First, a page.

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State v. McComb

Supreme Court of New Hampshire Rockingham
Oct 5, 1971
282 A.2d 673 (N.H. 1971)


No. 6184.

Decided October 5, 1971.

1. A co-owner's request and consent to a warrantless entry by police upon premises surrounding his dwelling was held to be lawful as against invitees of another co-owner.

2. Where police were lawfully present with the consent of a co-owner upon premises surrounding a house within which evidence in plain view through a window furnished probable cause to believe that an offense was being committed in the presence of the officers, a warrantless arrest by them of the offender and a warrantless seizure of evidence within his immediate control was held not to have violated his constitutional rights.

Warren B. Rudman, Attorney General, and Henry F. Spaloss, Assistant Attorney General, (Mr. Spaloss orally) for the State.

Wayne J. Mullavey for the defendant McComb.

Robert G. Tetler, by brief and orally, for the defendant Monette.

Reduced to its essentials, this is a case where on the night of October 31, 1969 the police, pursuant to an oral request on behalf of Christopher Stone, one of two brothers, both minors, who were co-owners or at the least joint occupants of a house on Island Path in Hampton, went to the premises in question to investigate Christopher's complaint of possession and use of controlled drugs by persons therein; through a window saw the defendants in possession of a pipe wrapped in tin foil which was being passed about, and a plastic bag which the officers recognized as probably containing drugs; entered the house, arrested the defendants, and seized the pipe and plastic bag. Following conviction by the Hampton District Court of the defendant McComb of possession of a controlled drug, and of the defendant Monette of being knowingly present where such a drug was illegally kept (Laws 1969, 421:1, subs. 318-B:26, eft. Aug. 31, 1969), the defendants appealed to the superior court. In advance of trial in the superior court, each defendant moved to suppress the evidence procured by the officers at the time of the arrest. After hearing, the motions were denied by Perkins, J., subject to exception, and the questions of law presented were reserved and transferred by the presiding justice. Both defendants contend that seizure of the evidence by the arresting officers was illegal, and that the motions for suppression were erroneously denied. We disagree.

The defendants were in the house in question at the invitation of the complainant's brother James, who was in Hampton on leave from military service at the time, but not present when the arrests were made. The defendants seek to establish their standing to complain of the search and seizure in the right of James Stone, and assert that entrance was obtained in violation of their constitutional rights thus derived. See State v. Crump, 107 N.H. 62, 65, 217 A.2d 183, 186 (1966). By the weight of authority, however, the request and consent of Christopher Stone, which it could be found was transmitted through the legal guardian of both brothers, was sufficient to justify the officers' warrantless entry upon the premises. The right of James Stone to entertain law-breakers in the joint home was certainly no greater than the right of Christopher to cause law enforcement officers to investigate activities there. The evidence warranted a finding and ruling that the officers committed no trespass in entering upon the premises surrounding the house at the request of Christopher. Cf. Mann v. Superior Court, 3 Cal.3d 1, 472 P.2d 468, 88 Cal.Rptr. 380 (1970). Authority for the proposition that intrusion upon premises with the consent of one co-owner or occupant is lawful as against the other will be found in such cases as Drummond v. United States, 350 F.2d 983 (8th Cir. 1965); People v. Walker, 34 Ill.2d 23, 213 N.E.2d 552 (1966); Embry v. State, 46 Wis.2d 151, 174 N.W.2d 521 (1970). See also Frazier v. Cupp, 394 U.S. 731, 22 L.Ed.2d 684, 89 S. Ct. 1420 (1969); Annot., 31 A.L.R.2d 1078, 1086 (1953) and supplement.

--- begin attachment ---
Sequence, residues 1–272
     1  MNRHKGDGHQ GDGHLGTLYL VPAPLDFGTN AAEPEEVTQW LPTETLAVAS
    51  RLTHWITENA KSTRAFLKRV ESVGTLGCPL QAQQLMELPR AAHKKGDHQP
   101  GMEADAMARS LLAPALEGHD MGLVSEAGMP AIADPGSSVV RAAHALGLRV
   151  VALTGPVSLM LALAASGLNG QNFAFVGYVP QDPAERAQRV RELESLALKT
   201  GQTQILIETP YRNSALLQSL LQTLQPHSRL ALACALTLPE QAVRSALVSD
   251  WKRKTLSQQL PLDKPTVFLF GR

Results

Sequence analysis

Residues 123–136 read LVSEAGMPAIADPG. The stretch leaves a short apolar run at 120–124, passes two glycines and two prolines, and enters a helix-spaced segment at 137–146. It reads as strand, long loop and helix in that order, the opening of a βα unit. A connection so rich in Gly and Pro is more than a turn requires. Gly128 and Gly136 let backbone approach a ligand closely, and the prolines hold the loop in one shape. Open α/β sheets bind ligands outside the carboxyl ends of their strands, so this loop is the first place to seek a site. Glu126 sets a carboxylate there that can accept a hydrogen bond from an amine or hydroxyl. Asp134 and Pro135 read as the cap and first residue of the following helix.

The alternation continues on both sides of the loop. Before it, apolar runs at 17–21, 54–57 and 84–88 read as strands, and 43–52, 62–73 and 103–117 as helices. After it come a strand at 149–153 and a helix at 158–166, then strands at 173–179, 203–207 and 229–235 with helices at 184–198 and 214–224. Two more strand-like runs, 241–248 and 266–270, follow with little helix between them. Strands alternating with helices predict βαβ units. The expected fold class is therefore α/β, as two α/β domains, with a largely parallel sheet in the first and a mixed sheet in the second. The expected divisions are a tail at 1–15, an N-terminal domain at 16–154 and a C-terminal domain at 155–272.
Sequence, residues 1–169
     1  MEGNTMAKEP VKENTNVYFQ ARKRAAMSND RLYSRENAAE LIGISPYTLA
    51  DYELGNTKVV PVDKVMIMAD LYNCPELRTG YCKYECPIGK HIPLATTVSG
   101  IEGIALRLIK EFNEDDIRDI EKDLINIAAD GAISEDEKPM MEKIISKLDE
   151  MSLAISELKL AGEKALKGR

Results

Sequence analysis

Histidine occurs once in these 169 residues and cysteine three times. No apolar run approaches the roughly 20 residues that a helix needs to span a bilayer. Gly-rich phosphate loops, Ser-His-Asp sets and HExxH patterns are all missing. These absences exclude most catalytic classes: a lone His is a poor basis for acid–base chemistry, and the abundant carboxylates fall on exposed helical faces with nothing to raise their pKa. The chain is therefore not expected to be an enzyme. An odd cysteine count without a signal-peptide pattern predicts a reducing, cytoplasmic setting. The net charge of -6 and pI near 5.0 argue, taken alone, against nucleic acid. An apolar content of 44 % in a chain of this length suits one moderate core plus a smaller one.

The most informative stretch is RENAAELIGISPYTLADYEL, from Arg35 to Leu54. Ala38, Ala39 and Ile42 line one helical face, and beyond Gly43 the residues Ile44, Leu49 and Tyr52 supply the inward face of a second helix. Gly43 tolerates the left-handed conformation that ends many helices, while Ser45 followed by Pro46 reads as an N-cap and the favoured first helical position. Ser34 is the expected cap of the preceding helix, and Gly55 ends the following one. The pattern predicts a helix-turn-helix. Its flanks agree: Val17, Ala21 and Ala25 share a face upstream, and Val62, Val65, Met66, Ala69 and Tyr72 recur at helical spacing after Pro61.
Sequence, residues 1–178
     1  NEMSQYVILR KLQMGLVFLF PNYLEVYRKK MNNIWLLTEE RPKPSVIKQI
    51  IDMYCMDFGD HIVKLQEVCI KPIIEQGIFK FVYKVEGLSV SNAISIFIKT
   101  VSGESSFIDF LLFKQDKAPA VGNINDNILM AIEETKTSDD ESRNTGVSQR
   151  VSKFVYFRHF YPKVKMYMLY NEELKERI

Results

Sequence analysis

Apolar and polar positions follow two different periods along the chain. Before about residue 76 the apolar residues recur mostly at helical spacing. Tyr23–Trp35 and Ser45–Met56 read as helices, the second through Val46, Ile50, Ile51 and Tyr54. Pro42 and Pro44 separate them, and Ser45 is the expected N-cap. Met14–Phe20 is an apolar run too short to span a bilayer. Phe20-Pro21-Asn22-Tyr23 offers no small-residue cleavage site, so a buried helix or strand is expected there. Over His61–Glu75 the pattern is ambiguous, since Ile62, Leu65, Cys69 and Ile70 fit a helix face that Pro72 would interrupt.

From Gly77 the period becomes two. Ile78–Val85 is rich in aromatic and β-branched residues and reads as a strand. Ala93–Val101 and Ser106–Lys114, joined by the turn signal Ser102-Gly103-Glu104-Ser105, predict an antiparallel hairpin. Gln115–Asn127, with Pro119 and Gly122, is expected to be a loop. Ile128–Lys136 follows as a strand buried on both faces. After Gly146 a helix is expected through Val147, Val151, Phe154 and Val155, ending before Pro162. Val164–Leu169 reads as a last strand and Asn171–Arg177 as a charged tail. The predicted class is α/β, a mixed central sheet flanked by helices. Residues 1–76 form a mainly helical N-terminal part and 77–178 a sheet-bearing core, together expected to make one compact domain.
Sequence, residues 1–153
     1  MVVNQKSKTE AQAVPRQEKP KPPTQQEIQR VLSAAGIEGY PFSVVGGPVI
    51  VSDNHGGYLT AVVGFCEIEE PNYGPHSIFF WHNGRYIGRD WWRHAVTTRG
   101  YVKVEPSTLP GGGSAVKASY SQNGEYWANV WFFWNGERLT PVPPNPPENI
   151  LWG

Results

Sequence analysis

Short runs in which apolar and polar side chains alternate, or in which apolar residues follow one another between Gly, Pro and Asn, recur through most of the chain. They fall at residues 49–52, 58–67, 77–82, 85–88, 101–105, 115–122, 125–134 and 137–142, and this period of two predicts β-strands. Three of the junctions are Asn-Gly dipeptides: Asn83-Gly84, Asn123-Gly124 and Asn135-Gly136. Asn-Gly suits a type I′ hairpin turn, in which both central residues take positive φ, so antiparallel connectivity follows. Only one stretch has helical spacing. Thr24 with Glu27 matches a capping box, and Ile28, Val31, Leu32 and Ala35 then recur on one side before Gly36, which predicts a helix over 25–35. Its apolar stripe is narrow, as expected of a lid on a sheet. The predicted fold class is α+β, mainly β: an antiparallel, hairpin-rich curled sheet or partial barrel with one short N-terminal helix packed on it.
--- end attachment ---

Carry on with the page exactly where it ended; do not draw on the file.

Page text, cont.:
There was evidence that while lawfully present on the grounds, the officers saw activities within the house which gave them reason to believe that crimes were there being committed. They entered the house with the consent of one of the joint proprietors, and thus lawfully effected the arrests. It is established law that officers are justified in effecting a warrantless arrest upon the basis of evidence in plain view which gives them reasonable ground to believe that an offense is being committed in their presence. RSA 594:10; State v. Crump, 107 N.H. 62, 217 A.2d 183 (1966); see State v. Davis, 108 N.H. 45, 226 A.2d 873 (1967). See also Commonwealth v. Cohen, 268 N.E.2d 357 (Mass. 1971); United States v. Dalli, 424 F.2d 45 (2d Cir. 1970); Whiteley v. Warden, 401 U.S. 560, 567, 91 S. Ct. 1031, 1036 (1971); Mann v. Superior Court, 3 Cal.3d 1, 472 P.2d 468, 88 Cal.Rptr. 380 (1970) supra.

Contemporaneously with a lawful arrest, the arresting officers could constitutionally make a warrantless seizure of evidence of a crime found within the immediate control of the arrested offender or offenders. Chimel v. California, 395 U.S. 752, 762-63, 23 L.Ed.2d 685, 693-94, 89 S. Ct. 2034, 2039-040 (1969); Coolidge v. New Hampshire, 403 U.S. 443, 465-66, 91 S. Ct. 2022, 2037-038 (1971); see Vale v. Louisiana, 399 U.S. 30, 26 L. Ed. 2d 409, 90 S. Ct. 1969 (1970).

Exceptions overruled.

GRIMES, J. concurred in the result; the others concurred.

Summaries of

State v. McComb

Supreme Court of New Hampshire Rockingham
Oct 5, 1971
282 A.2d 673 (N.H. 1971)
Case details for

State v. McComb

Case Details


Court:Supreme Court of New Hampshire Rockingham

Date published: Oct 5, 1971


282 A.2d 673 (N.H. 1971)
282 A.2d 673

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